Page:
Random Reviews: “Children of a Greater God” by Julian Flood

Interzone, October 1992, Cover by Tony Roberts
Interzone, October 1992, Cover by Tony Roberts

One of the issues with selecting stories to read using a completely random method is that some of the stories won’t be of particular interest, won’t completely succeed (or in some cases fail entirely), or not be particularly noteworthy. Eight weeks into this series, I have come across a story that I didn’t entirely bounce off of, but which didn’t really work for me. It has some interesting ideas behind it and I think it is clear that the author knew what he had in mind. I just don’t think he was particularly successful in translating it to the page.

Julian Flood published ten short stories, with nine of them appearing between 1992 and 1997 and three of those appearing in the first year. Half of his fictional output appeared in the pages of Interzone. The August 1992 issue of that magazine (whole number 62) contained his third story, “Children of a Greater God.”

The action is set on the planet Dub’s World, which is not conducive to human existence. The atmosphere of the planet is such that people need to have their bodies rebuilt each evening, although Flood isn’t entirely clear on the various mechanisms that cause this to happen aside from some hand waving about the atmospheric composition of the planet and people connecting to robots for the rebuilding.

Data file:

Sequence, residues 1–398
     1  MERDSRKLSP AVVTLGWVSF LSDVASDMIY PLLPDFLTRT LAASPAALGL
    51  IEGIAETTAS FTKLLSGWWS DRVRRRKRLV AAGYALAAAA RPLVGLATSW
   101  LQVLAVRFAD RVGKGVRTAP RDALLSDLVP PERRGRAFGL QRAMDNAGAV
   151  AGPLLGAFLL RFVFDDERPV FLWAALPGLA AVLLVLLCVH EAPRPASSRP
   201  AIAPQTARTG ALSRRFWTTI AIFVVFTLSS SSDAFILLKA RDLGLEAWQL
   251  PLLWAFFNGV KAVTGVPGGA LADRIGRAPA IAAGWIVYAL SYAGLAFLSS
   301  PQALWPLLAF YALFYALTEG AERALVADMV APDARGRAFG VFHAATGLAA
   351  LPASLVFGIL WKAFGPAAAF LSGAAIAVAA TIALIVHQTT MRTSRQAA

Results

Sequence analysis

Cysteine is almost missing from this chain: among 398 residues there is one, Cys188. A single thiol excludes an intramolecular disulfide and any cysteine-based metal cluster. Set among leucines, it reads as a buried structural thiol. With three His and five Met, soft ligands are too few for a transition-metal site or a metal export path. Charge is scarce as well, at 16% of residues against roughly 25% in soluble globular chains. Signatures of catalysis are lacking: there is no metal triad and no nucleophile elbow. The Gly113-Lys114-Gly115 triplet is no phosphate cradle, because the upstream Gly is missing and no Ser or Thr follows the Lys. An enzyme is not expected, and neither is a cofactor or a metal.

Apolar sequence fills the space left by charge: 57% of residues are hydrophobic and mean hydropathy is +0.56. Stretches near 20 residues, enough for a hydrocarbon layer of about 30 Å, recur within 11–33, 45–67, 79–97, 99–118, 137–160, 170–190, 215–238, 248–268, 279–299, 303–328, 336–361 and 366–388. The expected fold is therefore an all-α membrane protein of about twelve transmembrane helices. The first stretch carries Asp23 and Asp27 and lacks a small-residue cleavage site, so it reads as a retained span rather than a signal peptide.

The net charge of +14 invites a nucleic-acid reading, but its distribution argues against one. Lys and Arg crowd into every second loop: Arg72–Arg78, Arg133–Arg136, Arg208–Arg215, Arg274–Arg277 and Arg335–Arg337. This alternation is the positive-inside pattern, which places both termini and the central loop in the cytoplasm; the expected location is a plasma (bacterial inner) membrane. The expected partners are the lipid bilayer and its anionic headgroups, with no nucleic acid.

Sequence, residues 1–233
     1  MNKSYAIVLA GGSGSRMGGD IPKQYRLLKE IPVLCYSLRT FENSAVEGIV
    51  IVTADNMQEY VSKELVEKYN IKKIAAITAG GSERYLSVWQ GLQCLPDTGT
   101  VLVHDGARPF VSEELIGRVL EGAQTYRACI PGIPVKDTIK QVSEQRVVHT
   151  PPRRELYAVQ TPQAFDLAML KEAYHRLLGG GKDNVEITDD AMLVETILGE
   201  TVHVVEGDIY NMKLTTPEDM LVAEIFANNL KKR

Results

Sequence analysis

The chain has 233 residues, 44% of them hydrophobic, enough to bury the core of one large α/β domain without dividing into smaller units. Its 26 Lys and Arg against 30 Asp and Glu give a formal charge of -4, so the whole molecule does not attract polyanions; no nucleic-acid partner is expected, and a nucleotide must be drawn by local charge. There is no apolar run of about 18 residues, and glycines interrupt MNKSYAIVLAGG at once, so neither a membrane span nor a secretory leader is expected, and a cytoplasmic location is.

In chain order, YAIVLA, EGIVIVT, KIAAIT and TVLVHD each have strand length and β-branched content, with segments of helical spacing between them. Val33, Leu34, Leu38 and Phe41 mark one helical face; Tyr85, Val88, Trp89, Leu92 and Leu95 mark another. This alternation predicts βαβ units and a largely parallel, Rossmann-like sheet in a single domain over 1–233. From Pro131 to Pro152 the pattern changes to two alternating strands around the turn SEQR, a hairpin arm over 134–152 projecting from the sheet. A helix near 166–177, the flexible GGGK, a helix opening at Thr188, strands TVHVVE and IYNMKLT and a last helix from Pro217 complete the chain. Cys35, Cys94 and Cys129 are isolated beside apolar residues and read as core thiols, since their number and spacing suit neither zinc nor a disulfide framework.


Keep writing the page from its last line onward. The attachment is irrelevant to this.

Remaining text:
Flood’s narrator is either an alternative comedian or a private eye (or some combination of both), although there is nothing humorous about his act, which includes self-mutilation and violence. Flood does have his character discuss comedy with the nightclub owner, noting that “Funny’s not what alternative comedy’s about,” although he doesn’t offer what he, or his character, thinks it is about.

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Random Reviews: “BAXBR/DAXBR” by Evelyn E. Smith

Random Reviews: “BAXBR/DAXBR” by Evelyn E. Smith

Time to Come, Edited by August Derleth
Time to Come, Edited by August Derleth, Cover artist unknown

Evelyn E. Smith was born in 1922 and in addition to her career as a science fiction author, which spanned from approximately 1952 until 1985, she also wrote romance novels using the name Delphine C. Lyons and also worked as a crossword puzzle writer. This latter job is very much evidenced in her 1954 story “BAXBR/DAXBR” (also “DAXBR/BAXBR,” its title should appear as two words that cross at the X).